Pianist Guy Mintus will be performing live from Israel as part of this year’s Lenore Marwil Detroit Jewish Film Festival.
Israeli pianist Guy Mintus knows the Motor City jazz scene. He has performed at local clubs, including Cliff Bell’s, and his trio has appeared with Lady Champagne, a Detroit blues singer.
Mintus had been planning a return trip to the metro area last May, when he would be performing solo to enhance the showing of the film Fiddler: A Miracle of Miracles, one feature scheduled for this year’s Lenore Marwil Detroit Jewish Film Festival. Original Mintus music enhances the narrative of the documentary about the development of Fiddler on the Roof productions.
When the festival had to change into a digital platform because of COVID-19, Mintus accommodated the change by agreeing to perform live from Israel. He will be the finale of the event, running Oct. 4-30, and perform selections from the film and apart from it in “Miracle of Miracles: Guy Mintus Live” on Oct. 29.
“I want to bring people into my musical world,” said Mintus, also a recording artist who is 29 and single. “I like to take music that I love and is meaningful to me and reimagine it — give it a new spin and a new life. It can be Chopin; it can be Gershwin; it can be a classic Israeli song.
“Whatever it is, I Mintusize it.”
Mintus was drawn to the piano from the time he was 10. He heard a song he liked and asked his mother to help him sound it out on their keyboard.
“It left me wanting to find more, and I started studying but not seriously,” he said. “I played some pop melodies, not practicing much. Then I discovered ‘’Round Midnight’ by Thelonious Monk, and that kind of shifted me because I learned that I can improvise and express myself. Music can be this [way] of expressing myself at a whole other level.”
As Mintus explored jazz, he also studied classical music and went to an arts high school in Israel. After serving as a musician in the military, he earned a scholarship to the Manhattan School of Music. While enrolled, he entered the New York performance community and moved on to tour internationally, sometimes appearing with orchestras.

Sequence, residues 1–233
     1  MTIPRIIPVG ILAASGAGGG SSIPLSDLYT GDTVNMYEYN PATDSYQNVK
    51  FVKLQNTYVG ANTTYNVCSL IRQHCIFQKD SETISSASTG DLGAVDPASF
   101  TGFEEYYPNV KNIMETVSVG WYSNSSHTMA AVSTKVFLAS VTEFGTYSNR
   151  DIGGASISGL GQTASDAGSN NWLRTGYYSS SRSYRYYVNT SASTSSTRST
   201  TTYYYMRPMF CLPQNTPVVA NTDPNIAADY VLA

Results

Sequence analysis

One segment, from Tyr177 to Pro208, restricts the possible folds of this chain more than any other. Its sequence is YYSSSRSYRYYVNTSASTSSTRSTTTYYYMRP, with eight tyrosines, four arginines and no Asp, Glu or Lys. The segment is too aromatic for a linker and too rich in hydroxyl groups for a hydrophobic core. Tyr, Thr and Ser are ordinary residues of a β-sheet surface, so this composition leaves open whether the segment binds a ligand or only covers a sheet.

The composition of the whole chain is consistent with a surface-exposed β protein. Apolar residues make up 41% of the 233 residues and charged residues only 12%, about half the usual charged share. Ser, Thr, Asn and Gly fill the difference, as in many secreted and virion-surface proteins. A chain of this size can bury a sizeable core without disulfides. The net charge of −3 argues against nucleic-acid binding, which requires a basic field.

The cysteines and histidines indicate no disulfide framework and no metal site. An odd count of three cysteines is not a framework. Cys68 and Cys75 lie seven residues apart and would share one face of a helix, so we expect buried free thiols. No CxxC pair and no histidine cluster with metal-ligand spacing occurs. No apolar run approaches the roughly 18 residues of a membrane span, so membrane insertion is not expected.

Among the honors he has received are the Leonard Bernstein Award presented by ASCAP (American Society of Composers, Authors and Publishers) and the Bernstein Family Foundation, the Prix du Public given at the Montreux Jazz Festival and two of ASCAP’s Herb Alpert Young Jazz Composer Awards.
While performances have been limited during the pandemic, he has interacted with audiences by taking online requests and filling some by raffles.
“I played the requests as an artistic challenge to personalize songs from different worlds of music,” he said. “People who have experienced loss, sickness or tough things — or wanted to wish happy birthday to their father or something like that — reached out and asked for certain songs that are special.
“I made personal dedications, and the response was incredible. It was amazing to see how powerful music can be and the healing powers it can have on so many people’s lives.”
The pianist-composer hopes his upcoming album, “The Gershwin Playground,” will also have those kinds of effects.
“‘Do You Love Me?’ is my favorite song from Fiddler,” Mintus revealed. “It’s something so real and charming. It gets me, and I’m looking forward to sharing lots of special music with the people of Detroit.
“Although we can’t meet in person now, I’d love to have as much interaction as possible through Facebook or my email. Communication is one of the most beautiful things. If we can’t do it physically, digital means can be cool, too.
“To share this music is a blessing, and I’d love to know where it took people.”
“Miracle of Miracles: Guy Mintus Live” goes on at 7 p.m. Thursday, Oct. 29. culturalarts.jcc.org/filmfest.